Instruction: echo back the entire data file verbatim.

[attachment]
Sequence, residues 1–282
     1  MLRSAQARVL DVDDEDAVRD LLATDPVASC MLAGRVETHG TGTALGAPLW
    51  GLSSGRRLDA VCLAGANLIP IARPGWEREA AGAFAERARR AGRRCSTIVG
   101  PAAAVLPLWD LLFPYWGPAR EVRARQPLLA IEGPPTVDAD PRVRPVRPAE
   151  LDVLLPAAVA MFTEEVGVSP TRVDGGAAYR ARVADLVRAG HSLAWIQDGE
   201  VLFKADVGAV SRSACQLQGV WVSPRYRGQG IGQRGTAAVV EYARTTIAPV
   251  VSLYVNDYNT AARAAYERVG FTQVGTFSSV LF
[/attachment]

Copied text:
Sequence, residues 1–282
     1  MLRSAQARVL DVDDEDAVRD LLATDPVASC MLAGRVETHG TGTALGAPLW
    51  GLSSGRRLDA VCLAGANLIP IARPGWEREA AGAFAERARR AGRRCSTIVG
   101  PAAAVLPLWD LLFPYWGPAR EVRARQPLLA IEGPPTVDAD PRVRPVRPAE
   151  LDVLLPAAVA MFTEEVGVSP TRVDGGAAYR ARVADLVRAG HSLAWIQDGE
   201  VLFKADVGAV SRSACQLQGV WVSPRYRGQG IGQRGTAAVV EYARTTIAPV
   251  VSLYVNDYNT AARAAYERVG FTQVGTFSSV LF